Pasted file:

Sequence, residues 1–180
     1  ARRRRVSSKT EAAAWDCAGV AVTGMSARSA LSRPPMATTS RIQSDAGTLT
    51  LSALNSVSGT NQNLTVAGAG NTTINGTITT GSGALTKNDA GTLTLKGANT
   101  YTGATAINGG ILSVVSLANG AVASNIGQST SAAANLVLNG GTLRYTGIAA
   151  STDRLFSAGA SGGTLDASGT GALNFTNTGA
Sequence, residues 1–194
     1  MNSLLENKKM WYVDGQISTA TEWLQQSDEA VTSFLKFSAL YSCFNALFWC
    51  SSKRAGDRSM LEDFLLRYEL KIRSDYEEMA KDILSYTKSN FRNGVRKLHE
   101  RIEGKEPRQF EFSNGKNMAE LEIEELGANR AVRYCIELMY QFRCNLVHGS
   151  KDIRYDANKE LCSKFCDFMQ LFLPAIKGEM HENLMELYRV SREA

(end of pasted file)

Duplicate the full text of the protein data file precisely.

Sequence, residues 1–180
     1  ARRRRVSSKT EAAAWDCAGV AVTGMSARSA LSRPPMATTS RIQSDAGTLT
    51  LSALNSVSGT NQNLTVAGAG NTTINGTITT GSGALTKNDA GTLTLKGANT
   101  YTGATAINGG ILSVVSLANG AVASNIGQST SAAANLVLNG GTLRYTGIAA
   151  STDRLFSAGA SGGTLDASGT GALNFTNTGA
Sequence, residues 1–194
     1  MNSLLENKKM WYVDGQISTA TEWLQQSDEA VTSFLKFSAL YSCFNALFWC
    51  SSKRAGDRSM LEDFLLRYEL KIRSDYEEMA KDILSYTKSN FRNGVRKLHE
   101  RIEGKEPRQF EFSNGKNMAE LEIEELGANR AVRYCIELMY QFRCNLVHGS
   151  KDIRYDANKE LCSKFCDFMQ LFLPAIKGEM HENLMELYRV SREA